So how does it work?  Performance-wise, not bad.  In generating 15 language files, it took around 5-8 minutes per file, with each file requiring close to 1600 calls against the server, per file.  As noted above, accuracy varies, especially when doing translations of one word commands that could have multiple meanings depending on context.  It was actually suggested that some of these context problems may actually be able to be overcome by using a language other than English as the source, which is a really interesting idea and one that might be worth investigating in the future. 

Seeing how it works

If you are interested in seeing how this works, you can download a sample program which pulls together code copied or cribbed from the Microsoft documentation (and then cleaned for brevity) as well as code on how to use the service from: https://github.com/reeset/C–Language-Translator.  I’m kicking around the idea of converting the C# code into a ruby gem (which is actually pretty straight forward), so if there is any interest, let me know.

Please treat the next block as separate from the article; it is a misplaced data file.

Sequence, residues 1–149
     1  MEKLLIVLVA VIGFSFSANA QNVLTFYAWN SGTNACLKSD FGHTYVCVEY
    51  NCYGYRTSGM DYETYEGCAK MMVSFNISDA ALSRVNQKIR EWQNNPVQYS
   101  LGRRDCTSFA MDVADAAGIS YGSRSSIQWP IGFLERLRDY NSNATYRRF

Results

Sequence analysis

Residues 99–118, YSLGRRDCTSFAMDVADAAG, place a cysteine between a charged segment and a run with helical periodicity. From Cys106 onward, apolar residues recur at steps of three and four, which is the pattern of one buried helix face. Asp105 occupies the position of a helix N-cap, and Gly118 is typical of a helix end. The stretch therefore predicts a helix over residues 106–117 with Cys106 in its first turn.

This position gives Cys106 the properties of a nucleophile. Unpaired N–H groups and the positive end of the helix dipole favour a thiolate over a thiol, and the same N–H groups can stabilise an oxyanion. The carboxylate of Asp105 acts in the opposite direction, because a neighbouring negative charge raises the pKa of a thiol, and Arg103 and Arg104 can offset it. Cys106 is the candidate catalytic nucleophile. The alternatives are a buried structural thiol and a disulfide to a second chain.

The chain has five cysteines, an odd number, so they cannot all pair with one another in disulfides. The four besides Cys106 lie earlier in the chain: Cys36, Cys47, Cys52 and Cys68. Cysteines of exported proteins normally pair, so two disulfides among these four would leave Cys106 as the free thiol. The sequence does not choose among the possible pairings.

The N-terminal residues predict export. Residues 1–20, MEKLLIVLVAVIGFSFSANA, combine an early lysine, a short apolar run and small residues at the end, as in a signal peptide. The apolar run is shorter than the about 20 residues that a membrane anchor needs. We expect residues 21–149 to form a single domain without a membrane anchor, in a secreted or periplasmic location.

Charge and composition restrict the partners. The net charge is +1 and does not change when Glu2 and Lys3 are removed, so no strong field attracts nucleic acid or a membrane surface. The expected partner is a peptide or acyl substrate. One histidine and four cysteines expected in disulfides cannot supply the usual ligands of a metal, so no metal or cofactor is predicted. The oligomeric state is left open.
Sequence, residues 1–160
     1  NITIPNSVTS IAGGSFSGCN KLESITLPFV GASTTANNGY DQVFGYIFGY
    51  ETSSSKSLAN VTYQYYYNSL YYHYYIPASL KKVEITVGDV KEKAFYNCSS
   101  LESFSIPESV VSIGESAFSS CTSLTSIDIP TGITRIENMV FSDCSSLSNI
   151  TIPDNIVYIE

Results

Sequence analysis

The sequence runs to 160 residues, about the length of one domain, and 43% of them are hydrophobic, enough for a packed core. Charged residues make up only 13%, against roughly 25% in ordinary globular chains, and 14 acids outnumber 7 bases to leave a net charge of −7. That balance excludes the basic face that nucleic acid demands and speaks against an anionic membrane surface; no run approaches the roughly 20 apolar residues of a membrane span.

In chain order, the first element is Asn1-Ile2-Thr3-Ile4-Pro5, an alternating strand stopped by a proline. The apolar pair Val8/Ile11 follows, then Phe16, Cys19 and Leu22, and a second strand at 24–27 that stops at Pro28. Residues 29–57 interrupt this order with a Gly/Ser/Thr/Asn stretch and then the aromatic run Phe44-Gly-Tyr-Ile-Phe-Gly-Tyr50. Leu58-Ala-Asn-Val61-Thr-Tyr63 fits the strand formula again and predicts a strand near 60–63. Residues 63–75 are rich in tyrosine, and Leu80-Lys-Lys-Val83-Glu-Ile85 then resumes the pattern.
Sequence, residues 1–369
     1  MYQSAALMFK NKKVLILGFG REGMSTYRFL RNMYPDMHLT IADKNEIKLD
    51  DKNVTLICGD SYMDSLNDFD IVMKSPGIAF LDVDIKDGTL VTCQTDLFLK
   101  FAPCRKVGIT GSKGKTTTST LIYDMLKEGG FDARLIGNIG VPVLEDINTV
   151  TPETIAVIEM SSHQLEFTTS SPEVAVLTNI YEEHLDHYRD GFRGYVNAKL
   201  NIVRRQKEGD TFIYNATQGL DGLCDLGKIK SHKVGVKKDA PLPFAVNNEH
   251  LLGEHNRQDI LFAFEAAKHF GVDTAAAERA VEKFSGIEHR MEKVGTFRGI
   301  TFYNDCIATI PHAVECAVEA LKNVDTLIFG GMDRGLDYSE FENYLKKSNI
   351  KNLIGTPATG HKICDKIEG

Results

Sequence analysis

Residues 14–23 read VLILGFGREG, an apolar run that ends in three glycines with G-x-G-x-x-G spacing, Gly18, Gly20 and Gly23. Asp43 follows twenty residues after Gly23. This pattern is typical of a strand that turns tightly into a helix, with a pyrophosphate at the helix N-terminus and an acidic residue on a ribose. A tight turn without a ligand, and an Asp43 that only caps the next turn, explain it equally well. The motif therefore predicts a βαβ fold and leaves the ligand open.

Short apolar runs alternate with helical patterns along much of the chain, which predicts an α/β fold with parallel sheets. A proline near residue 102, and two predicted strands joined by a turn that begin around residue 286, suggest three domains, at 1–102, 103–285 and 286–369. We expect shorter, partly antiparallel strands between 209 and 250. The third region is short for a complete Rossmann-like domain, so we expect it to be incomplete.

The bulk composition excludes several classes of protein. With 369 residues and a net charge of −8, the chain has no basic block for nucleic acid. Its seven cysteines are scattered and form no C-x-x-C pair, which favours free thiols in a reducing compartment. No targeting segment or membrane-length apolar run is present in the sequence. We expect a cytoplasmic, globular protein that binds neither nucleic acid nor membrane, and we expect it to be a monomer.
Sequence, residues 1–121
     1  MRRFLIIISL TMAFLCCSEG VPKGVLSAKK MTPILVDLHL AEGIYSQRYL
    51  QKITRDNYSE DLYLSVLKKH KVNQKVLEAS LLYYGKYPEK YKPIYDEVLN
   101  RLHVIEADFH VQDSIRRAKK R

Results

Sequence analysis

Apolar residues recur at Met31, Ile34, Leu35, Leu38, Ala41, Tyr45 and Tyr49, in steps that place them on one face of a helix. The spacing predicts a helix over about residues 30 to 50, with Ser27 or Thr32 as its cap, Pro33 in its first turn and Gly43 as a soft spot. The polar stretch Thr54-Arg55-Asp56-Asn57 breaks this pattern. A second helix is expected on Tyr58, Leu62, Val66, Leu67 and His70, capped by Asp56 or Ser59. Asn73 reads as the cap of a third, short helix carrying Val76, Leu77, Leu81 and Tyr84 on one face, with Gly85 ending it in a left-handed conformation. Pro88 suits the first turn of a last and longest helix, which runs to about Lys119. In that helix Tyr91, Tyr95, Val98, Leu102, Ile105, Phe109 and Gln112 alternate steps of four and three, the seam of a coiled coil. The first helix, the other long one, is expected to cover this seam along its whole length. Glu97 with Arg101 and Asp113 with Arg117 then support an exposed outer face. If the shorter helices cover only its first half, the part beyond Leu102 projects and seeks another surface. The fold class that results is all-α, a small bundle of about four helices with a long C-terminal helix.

–tr

OCLC WorldCat Metadata API Ruby Gem

By reeset / On / In OCLC, ruby

Since last December, I’ve had the opportunity to spend a good deal of time working with the OCLC WorldCat Metadata API.  The focus was primarily around kicking the tires, and then eventually developing some integration components with MarcEdit, as well as a C# library (https://github.com/reeset/oclc_api) for those that may have use of such things.

However, most folks in libraries tend to not use C# – they tend to focus on lighter-weight languages like ruby, python, or PHP.  Well, I work in ruby as well, so I decided to take the C# library and port it to Ruby.  The resulting code can be found here: https://github.com/reeset/wc_metadata_api